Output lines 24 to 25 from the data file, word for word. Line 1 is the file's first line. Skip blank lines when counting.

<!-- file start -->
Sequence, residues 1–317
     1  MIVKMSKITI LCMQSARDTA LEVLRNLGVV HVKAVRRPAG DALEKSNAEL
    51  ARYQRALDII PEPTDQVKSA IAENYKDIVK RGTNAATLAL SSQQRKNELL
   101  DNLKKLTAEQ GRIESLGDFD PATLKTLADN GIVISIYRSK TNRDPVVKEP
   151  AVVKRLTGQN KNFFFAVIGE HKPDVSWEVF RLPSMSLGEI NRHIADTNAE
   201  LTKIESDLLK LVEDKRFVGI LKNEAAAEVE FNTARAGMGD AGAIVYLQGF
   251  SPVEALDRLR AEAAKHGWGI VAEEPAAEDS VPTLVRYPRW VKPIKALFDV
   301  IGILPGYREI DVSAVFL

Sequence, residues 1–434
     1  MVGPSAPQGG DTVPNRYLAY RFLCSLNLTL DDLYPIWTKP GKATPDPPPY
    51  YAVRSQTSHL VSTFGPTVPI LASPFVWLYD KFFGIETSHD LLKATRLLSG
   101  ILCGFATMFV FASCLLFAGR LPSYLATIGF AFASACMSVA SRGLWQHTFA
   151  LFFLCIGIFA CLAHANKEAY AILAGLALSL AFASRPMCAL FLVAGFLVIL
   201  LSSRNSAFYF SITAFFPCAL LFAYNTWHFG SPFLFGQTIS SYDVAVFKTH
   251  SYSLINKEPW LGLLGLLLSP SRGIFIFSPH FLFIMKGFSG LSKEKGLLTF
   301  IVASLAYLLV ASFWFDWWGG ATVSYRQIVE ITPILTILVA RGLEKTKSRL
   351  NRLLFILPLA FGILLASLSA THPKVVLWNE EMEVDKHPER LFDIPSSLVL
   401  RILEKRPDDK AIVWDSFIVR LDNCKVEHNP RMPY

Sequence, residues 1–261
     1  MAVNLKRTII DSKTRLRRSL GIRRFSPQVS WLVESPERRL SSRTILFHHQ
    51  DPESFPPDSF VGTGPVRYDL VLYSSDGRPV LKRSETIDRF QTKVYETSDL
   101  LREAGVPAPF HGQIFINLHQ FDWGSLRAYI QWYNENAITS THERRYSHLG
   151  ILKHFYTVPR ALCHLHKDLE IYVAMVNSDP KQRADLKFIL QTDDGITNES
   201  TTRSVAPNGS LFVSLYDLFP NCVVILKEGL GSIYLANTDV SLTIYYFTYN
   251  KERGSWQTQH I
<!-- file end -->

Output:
   201  TTRSVAPNGS LFVSLYDLFP NCVVILKEGL GSIYLANTDV SLTIYYFTYN
   251  KERGSWQTQH I